Tsunami - The Great Wave

Tsunamis (often erroneously called tidal waves) are an infrequent yet serious hazard in the Pacific. A tsunami is a series of traveling ocean waves of great length and long period, generated by disturbances associated with earthquakes in oceanic and coastal regions. As the tsunami crosses the deep ocean, its length from crest to crest may be a hundred miles or more, its height from trough to crest only a few feet. Tsunamis cannot be felt aboard ships in deep water, and cannot be seen from the air. But in deep water, tsunami waves may reach speeds exceeding 600 miles per hour.

As the tsunami enters the shoaling water of coastlines in its path, the velocity of its waves diminishes and wave height increases. It is in these shallow waters that tsunamis become a threat to life and property, for they can crest to heights of more than 100 feet, and strike with devastating force.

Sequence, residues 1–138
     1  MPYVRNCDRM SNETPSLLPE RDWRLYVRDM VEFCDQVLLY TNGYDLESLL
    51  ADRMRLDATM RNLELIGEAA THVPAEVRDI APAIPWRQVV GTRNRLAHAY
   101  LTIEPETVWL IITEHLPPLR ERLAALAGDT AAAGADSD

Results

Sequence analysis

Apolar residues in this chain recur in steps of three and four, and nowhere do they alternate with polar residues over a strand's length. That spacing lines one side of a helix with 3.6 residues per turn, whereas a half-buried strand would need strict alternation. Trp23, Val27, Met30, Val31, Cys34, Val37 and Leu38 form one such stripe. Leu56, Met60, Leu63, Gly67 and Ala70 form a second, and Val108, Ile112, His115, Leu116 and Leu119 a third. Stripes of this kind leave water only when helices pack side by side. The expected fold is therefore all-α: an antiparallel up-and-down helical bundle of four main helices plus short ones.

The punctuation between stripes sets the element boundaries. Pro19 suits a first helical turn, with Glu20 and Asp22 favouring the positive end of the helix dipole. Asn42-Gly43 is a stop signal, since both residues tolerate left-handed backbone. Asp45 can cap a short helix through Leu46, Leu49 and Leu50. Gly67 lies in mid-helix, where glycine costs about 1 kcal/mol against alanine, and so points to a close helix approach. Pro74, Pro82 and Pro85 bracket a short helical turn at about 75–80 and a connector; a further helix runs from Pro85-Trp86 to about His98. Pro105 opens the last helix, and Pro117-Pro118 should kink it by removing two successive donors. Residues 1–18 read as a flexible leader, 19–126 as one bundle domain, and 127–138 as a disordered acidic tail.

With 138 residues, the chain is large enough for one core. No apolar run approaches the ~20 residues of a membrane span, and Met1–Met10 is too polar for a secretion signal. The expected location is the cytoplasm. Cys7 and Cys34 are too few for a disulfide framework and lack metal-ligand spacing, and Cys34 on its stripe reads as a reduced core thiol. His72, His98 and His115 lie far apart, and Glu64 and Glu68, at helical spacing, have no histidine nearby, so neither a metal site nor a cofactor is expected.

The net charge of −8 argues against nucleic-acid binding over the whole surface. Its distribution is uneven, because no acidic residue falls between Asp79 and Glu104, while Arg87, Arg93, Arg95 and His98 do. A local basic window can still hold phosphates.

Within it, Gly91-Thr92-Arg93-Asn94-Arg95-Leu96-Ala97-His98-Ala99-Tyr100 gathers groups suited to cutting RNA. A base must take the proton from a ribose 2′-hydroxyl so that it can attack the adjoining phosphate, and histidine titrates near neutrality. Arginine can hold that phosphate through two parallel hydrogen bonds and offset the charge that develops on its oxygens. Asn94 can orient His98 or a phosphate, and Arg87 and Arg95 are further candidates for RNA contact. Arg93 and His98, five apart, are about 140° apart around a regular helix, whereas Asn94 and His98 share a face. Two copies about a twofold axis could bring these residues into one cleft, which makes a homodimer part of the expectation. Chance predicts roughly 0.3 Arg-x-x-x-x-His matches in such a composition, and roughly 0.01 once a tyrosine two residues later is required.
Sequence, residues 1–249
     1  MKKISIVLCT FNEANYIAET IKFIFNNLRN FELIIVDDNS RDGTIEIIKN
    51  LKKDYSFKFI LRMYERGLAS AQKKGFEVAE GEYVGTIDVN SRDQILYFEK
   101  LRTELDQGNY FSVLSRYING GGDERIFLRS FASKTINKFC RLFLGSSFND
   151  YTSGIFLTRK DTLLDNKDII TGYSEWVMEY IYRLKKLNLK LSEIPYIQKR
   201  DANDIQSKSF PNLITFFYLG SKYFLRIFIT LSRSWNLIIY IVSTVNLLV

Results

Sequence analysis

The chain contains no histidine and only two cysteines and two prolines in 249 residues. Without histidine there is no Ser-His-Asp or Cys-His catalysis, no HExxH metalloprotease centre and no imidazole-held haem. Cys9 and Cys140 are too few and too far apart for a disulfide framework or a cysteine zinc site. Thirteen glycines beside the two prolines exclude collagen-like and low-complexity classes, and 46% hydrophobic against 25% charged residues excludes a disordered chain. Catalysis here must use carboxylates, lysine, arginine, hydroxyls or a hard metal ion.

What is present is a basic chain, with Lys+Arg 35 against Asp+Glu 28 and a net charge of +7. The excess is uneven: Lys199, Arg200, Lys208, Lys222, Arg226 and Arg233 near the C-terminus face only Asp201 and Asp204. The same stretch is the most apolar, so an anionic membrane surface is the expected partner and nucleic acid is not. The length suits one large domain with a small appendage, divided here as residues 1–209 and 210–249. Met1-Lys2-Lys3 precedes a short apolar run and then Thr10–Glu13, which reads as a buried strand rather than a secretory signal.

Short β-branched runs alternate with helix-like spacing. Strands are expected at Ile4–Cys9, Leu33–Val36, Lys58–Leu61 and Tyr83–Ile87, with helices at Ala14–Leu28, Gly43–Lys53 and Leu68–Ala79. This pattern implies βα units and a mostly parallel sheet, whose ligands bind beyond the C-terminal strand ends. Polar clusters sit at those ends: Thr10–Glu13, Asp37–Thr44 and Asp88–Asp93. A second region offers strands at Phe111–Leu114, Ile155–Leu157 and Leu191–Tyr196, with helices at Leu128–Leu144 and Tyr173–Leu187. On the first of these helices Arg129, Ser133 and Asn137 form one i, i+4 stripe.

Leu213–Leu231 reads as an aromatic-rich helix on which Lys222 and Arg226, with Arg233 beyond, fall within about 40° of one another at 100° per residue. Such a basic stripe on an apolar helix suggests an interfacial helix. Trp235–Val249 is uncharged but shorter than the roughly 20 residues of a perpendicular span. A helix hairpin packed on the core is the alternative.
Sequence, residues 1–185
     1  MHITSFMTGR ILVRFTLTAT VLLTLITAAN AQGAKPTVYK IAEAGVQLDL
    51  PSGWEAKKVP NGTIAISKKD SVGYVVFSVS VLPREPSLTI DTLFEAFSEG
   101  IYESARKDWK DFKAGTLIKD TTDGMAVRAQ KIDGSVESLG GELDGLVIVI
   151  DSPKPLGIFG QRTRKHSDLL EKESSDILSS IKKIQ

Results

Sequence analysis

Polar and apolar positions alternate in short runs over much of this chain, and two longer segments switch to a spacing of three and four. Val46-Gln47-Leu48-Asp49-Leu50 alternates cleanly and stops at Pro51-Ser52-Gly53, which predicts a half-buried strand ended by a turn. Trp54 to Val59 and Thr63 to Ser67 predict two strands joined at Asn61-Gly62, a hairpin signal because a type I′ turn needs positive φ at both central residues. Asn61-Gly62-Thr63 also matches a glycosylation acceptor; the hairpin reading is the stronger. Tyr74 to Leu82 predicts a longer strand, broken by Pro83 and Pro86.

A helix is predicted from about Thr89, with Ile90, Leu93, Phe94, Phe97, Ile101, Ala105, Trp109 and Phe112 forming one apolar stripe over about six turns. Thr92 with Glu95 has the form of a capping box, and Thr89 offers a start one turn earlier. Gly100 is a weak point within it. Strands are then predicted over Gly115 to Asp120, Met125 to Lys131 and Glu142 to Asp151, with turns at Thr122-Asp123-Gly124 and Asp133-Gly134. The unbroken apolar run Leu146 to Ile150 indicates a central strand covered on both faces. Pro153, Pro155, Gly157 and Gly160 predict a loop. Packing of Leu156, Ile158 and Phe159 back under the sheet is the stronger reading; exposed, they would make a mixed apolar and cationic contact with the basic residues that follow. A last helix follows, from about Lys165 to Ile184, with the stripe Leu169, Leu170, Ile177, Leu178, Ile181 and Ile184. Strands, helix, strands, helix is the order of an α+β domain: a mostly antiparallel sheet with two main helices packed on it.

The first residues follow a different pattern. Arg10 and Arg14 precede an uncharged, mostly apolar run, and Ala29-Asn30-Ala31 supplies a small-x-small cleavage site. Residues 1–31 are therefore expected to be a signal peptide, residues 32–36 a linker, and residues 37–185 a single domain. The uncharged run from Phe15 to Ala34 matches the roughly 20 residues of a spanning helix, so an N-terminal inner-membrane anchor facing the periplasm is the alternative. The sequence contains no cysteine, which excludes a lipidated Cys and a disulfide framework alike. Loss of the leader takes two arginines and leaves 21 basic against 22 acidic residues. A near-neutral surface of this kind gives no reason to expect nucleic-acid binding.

When a large earthquake occurs near the coast of Alaska or the West Coast, an automated system and geophysicist at the Alaska Tsunami Warning Center (ATWC) rapidly determine its location (epicenter) and magnitude. If the earthquake is considered great enough to generate a tsunami, the ATWC will issue an immediate TSUNAMI WARNING for a limited area near the epicenter. This warning is issued through the Military, State Emergency Management, Coast Guard, National Weather Service and other agencies. A TSUNAMI WATCH is issued to adjacent areas of Alaska, Canada and West Coast states, as appropriate, alerting them to a possible tsunami threat. If a significant tsunami is detected by tide stations near the epicenter, the WARNING is expanded to the entire coastline. If no wave was generated the WARNING will be canceled.


Washington State Military Department, Emergency Management Division